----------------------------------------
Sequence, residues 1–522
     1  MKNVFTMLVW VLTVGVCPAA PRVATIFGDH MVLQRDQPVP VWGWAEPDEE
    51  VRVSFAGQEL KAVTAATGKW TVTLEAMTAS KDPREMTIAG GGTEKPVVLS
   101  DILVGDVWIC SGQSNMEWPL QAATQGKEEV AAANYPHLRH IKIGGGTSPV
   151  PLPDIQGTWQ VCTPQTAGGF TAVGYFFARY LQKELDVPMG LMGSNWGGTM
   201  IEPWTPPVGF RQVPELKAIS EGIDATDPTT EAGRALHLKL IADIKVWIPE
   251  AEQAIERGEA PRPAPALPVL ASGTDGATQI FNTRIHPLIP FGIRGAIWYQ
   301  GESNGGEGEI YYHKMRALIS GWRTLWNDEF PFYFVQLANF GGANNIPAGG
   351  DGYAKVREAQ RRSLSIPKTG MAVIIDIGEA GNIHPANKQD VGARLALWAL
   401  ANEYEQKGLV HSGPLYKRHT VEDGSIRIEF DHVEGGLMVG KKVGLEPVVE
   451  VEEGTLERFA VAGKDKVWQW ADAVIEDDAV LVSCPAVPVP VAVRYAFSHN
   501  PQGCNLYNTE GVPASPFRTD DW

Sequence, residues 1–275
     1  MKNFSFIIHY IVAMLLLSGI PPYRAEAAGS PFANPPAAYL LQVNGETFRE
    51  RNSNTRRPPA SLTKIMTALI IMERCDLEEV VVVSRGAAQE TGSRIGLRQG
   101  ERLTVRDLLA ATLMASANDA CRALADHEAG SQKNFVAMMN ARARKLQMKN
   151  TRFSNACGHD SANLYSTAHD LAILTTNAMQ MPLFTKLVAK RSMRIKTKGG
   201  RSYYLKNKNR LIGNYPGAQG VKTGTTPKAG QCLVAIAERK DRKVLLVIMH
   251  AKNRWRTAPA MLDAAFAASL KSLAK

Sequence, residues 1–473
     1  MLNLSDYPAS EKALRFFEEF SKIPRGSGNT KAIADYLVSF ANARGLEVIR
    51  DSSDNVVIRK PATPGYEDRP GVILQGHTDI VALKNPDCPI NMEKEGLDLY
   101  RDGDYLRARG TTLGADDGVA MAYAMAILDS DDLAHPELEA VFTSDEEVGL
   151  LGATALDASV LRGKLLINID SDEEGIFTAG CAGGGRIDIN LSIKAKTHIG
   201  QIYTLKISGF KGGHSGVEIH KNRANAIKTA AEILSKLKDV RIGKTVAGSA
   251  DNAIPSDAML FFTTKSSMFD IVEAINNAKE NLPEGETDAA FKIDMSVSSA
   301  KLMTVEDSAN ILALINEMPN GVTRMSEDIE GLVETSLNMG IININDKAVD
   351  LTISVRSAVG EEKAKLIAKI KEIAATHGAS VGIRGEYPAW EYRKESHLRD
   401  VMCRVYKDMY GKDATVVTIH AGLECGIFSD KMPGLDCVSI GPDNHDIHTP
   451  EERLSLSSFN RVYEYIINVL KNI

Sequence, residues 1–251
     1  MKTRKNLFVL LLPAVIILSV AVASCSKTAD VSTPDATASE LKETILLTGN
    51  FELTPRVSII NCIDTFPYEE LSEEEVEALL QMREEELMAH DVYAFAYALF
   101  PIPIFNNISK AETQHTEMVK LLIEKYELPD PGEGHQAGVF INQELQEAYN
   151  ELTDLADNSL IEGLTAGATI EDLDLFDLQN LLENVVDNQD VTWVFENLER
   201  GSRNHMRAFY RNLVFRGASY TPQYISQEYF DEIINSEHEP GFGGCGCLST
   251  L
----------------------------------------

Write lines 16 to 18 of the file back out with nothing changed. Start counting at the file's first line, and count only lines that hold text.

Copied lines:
   101  ERLTVRDLLA ATLMASANDA CRALADHEAG SQKNFVAMMN ARARKLQMKN
   151  TRFSNACGHD SANLYSTAHD LAILTTNAMQ MPLFTKLVAK RSMRIKTKGG
   201  RSYYLKNKNR LIGNYPGAQG VKTGTTPKAG QCLVAIAERK DRKVLLVIMH